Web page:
@Algernon – It was easy to sell loans to Fannie and Freddie; just lie about the underwriting. That’s why there are big putback cases against BAC.

  13. Futuredome says:

    lol. F/F is asking for more money because they keep being dumping grounds of the “private” market’s crap on their balance sheet. [BR: see this F&F and the Backdoor Bank Bailout and this GSEs: $1 Trillion Dumping Ground for Bad Bank Loans] This has been going on since late in 2008. Basically private creditors needing a refuge from their bets in the short run.

    “Further, speculative bubbles that aren’t financed with borrowed money are a lot less traumatic for the broader economy (ex – tech bubble)”

    Misses the point. If you only growth is from credit, something is wrong in the first place. You can restrict the credit, but you are creating a crisis as that creates more debt as the economy stagnates. The 19th century and great contraction prove this point. You force less credit in the early 00′s, you deepen the recession and lift debt levels needlessly. The real problem isn’t central bank credit easing (which wasn’t that impressive as you suggest) but the end of the information boom in the first place which spawned your ‘tech bubble’ and created excess savings for the investor class by the early 00′s.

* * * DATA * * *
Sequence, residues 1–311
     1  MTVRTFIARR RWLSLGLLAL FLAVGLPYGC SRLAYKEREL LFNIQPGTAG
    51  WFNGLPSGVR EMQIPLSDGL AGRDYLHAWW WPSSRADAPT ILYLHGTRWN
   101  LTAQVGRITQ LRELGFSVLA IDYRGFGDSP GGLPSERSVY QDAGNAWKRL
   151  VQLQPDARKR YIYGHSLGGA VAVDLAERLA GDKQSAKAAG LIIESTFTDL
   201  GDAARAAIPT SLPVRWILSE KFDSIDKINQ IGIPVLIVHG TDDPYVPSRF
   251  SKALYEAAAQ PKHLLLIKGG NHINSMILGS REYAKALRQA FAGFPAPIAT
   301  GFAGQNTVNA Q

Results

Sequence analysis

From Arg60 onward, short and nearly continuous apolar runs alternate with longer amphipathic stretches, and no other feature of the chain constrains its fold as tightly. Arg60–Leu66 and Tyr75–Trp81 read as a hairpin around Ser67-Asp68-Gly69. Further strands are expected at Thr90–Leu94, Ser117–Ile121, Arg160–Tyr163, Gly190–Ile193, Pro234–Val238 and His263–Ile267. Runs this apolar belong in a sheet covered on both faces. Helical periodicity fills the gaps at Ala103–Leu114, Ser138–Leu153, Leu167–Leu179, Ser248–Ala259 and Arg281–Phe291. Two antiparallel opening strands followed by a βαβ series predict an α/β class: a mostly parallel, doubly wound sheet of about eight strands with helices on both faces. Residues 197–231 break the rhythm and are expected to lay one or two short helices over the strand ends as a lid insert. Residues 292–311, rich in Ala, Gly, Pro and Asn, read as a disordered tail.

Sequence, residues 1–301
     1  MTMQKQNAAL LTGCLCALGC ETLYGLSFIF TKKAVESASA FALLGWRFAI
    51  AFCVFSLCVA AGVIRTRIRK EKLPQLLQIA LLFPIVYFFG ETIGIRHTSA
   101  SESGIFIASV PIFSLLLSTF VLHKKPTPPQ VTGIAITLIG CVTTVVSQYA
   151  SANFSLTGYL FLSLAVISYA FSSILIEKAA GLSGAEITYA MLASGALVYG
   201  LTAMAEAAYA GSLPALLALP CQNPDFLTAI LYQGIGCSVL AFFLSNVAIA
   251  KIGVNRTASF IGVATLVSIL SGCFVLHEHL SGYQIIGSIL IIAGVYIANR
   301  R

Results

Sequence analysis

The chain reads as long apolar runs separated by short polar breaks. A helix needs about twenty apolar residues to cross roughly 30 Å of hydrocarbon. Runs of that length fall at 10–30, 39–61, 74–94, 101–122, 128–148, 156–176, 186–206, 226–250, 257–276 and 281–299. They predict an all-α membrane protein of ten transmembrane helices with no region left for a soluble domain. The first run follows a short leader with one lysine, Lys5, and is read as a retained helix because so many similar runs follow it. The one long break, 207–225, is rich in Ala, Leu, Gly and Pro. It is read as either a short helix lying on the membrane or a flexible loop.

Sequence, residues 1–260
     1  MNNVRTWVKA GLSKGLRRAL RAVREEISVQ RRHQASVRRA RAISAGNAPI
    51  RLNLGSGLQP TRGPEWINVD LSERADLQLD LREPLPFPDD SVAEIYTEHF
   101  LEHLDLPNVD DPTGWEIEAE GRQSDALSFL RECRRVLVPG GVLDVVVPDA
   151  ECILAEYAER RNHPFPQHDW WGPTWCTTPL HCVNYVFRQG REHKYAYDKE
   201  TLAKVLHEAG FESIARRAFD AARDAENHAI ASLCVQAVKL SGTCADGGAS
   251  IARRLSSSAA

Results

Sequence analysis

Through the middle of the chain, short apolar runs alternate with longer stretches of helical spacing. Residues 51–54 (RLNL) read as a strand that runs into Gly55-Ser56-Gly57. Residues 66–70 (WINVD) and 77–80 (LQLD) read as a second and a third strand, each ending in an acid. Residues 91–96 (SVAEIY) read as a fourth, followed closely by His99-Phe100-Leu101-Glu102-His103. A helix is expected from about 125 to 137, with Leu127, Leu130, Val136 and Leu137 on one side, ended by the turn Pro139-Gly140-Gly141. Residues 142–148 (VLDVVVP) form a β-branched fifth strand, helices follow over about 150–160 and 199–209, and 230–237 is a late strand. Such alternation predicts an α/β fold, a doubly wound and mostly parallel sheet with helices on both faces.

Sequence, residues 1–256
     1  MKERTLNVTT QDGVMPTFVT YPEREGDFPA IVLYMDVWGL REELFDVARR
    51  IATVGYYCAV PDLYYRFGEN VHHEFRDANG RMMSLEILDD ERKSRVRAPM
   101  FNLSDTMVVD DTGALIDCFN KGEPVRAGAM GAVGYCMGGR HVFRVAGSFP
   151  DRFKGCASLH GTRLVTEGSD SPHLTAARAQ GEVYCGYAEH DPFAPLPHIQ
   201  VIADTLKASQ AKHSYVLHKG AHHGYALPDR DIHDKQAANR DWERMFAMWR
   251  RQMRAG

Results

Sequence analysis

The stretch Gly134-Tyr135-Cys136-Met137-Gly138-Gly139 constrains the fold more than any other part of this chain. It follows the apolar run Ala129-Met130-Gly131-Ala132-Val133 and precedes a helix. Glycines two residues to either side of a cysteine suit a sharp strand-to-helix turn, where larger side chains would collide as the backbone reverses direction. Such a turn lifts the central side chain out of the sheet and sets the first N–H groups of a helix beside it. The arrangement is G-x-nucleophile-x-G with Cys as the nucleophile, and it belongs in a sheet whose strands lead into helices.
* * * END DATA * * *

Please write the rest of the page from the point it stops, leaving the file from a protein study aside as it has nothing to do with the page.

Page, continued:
Bubbles are hardly new. We have had them since the beginning of capitalism. Some are harder to deal with than others (like the latter quarter of the 19th century proved). A lot of the “stagflation” era blame was put on high worker savings which intellectuals blamed for leading toward a lack of investor savings and spurned high inflation. So we have slammed labor the last generation and given everything to the invester class.

    The real problem is handling the issue of excess savings by “sections” of the economy. If they are not invested right, problems begin. Which leads you to the finance/offshoring boom in the first place. Now they no longer give any benefit except credit deflation and collapse. The investor class misallocated. Period. They looked for to high a return and went for the easy lay. Instead of investing in longer turn business that takes a while to mature.